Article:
So the 2022 tax-supported budget launched last week, and I wrote about it for City Hall Watcher. The post is subscribers-only, but I made some stuff for it I’ve gotta share here. Continue reading The ’Berg Is Back
At City Council’s last meeting of the year, we’ve got the water, waste, and parking budgets; proposed new taxes; updates on cycling infrastructure and the Ontario Line; one (1) mean tweet; and more.
What’s coming up next week at Toronto City Hall? Drug decriminalization, a vacant home tax, Bloor-Yonge Station expansion, the Parliament Slip, and more.
The big event this week at City Hall: the launch of the rate-supported budget (water, waste, and parking). But there’s also audits galore, electric car charging stations, new appointments to the Zoo and Exhibition Place Boards, and more. Also, spiders make their debut in the weekly Bug Report!
Photo from @imfgtoronto.
“The iceberg is gone, global warming has taken care of that,” jokes new City Manager Chris Murray as he begins his speech.
The iceberg, a municipal budget infographic portraying the City of Toronto’s billions of dollars in approved but unfunded capital projects, had become a cult favourite among City Hall wonks—you know, the kind of people who have cult favourite municipal budget infographics. These are the kind of people who go to the IMFG‘s annual City Manager’s Address, which took place at the end of November. (Slides available here.) Continue reading Recap: The 2018 City Manager’s Address
Once more unto the breach, dear friends. (Well, more like twice more, because my first draft was eaten by an unruly text editor.) This is more of a recap than a preview, as I only just recovered from an awful cold. Continue reading The Cheat Sheet: December 13, 2018 City Council
Header: This image from Lisa Jackson’s Biidaaban depicts a decaying Toronto City Hall surrounded by forest, on the edge of a flooded Nathan Phillips Square.
Trying a bit of a new thing. I occasionally do linkdumps via Twitter threads, but I felt like doing something more permanent. Title inspired by this ever-relevant @TechnicallyRon tweet:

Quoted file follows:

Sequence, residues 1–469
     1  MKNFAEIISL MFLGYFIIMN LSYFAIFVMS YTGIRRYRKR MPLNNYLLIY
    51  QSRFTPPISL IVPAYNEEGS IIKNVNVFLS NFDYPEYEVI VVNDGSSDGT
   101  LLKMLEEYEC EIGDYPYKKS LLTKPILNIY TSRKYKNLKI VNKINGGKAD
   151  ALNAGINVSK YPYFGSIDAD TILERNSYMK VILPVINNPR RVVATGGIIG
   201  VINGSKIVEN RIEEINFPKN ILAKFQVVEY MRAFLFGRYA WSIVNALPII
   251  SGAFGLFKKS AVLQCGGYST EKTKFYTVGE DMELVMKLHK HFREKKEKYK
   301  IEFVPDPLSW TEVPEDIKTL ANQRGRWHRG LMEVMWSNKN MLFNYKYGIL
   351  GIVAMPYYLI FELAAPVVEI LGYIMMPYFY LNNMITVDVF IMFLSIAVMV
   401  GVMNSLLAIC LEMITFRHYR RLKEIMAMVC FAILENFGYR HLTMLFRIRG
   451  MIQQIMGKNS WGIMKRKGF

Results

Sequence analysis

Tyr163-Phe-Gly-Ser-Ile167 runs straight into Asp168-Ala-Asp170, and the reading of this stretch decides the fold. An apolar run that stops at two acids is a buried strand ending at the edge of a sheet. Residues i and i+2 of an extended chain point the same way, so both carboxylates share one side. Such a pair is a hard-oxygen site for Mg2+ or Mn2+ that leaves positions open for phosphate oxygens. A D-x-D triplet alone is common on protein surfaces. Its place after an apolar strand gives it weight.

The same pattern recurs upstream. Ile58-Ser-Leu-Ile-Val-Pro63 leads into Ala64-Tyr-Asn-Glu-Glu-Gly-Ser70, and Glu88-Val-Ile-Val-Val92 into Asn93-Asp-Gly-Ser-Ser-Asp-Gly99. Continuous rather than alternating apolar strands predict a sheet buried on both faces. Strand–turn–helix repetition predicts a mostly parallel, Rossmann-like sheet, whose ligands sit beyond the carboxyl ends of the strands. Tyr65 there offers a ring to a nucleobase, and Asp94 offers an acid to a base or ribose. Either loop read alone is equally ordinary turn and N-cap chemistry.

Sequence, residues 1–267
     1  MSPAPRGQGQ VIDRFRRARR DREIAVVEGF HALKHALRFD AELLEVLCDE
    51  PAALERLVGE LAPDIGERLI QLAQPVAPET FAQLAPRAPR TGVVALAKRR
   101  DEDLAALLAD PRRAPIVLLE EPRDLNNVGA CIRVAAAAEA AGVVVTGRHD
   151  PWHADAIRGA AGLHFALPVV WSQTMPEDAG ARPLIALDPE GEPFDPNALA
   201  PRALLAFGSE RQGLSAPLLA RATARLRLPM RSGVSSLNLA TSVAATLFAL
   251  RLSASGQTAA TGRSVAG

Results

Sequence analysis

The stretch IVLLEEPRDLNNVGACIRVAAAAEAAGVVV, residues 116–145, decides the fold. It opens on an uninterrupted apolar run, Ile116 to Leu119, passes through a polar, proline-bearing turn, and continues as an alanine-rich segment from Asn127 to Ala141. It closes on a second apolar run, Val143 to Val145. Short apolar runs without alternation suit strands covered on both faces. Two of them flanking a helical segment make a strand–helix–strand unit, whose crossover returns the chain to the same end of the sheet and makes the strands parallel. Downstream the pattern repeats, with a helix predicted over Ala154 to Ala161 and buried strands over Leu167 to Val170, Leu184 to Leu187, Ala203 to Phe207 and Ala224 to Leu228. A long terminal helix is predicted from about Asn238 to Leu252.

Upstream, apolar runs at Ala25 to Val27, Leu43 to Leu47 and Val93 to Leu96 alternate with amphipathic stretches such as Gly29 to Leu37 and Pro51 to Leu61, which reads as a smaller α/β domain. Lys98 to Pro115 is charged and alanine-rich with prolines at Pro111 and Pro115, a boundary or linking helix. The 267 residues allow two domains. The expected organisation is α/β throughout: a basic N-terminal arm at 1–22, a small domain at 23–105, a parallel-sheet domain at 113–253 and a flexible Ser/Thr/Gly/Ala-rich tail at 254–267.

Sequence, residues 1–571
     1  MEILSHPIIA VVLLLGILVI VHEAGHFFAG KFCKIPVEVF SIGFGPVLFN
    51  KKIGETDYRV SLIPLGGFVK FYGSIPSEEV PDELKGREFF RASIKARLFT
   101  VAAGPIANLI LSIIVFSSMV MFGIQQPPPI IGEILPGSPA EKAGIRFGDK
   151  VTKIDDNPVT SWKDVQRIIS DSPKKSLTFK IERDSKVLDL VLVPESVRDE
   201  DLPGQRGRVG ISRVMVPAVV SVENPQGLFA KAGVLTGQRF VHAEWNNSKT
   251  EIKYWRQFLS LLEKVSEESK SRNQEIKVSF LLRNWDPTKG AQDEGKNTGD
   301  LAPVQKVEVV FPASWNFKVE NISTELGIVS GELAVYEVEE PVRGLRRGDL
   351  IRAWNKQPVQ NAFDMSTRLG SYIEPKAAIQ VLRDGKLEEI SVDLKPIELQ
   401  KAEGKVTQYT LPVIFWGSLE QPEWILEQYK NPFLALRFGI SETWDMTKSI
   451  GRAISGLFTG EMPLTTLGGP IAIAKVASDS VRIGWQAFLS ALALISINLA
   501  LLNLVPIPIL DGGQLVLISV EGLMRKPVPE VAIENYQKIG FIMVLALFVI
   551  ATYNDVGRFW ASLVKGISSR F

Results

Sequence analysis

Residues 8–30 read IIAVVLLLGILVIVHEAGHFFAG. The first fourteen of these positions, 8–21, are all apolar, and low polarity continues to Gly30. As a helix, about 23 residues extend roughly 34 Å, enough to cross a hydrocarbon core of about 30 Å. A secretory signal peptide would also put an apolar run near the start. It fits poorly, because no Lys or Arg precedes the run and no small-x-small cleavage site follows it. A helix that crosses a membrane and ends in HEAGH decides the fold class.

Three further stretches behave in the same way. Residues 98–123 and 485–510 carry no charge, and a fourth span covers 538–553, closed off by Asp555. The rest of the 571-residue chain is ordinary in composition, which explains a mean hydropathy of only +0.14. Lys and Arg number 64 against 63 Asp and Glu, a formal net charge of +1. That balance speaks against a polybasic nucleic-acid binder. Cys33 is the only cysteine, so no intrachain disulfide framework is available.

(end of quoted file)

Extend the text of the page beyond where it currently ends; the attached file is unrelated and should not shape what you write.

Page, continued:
2007: It's called a smart phone, it can do everything!
2017: Stare into the nightmare rectangle and watch society collapse in real time
— TechnicallyRon (@TechnicallyRon) September 11, 2017
Welcome to this term’s penultimate Council meeting! There’s quite a lot on the agenda, including a slew of Integrity Commissioner investigations, laneway housing, improving deadly intersections, and more.
Warning: there are even more swears and opinions than usual. Lately I just feel civility is overrated, you know?
I’ve lost my passion for covering the City budget. Partly the clinical depression, I think, but also—it just never changes. There’s only so many times you can write another fucking “after the City Manager warns Council they can no longer ‘kick the can down the road’ for another year, Council votes to kick the can down the road” piece. It’s all too predictable. Continue reading Not Another Fucking Budget Overview
You often hear very tiresome people saying “I’m a social liberal and a fiscal conservative” as if it meant anything. In reality neither “social” nor “fiscal” issues are useful in telling left from right—especially not at City Hall, where “fiscal conservatives” have consistently championed pouring billions of dollars into an ever-shrinking subway plan. And saying that a “real progressive” wouldn’t be racist or sexist is as laughable as saying that “real Christians” aren’t homophobic, “real feminists” aren’t transphobic, etc., as well-intended as it is.
Nevertheless, I do think there is a way to meaningfully distinguish right- and left-wing politics. This is the framework I use when I talk about the political spectrum at City Hall. (That is, when I’m not talking in D&D terms.) Continue reading Sidebar: Right Vs. Left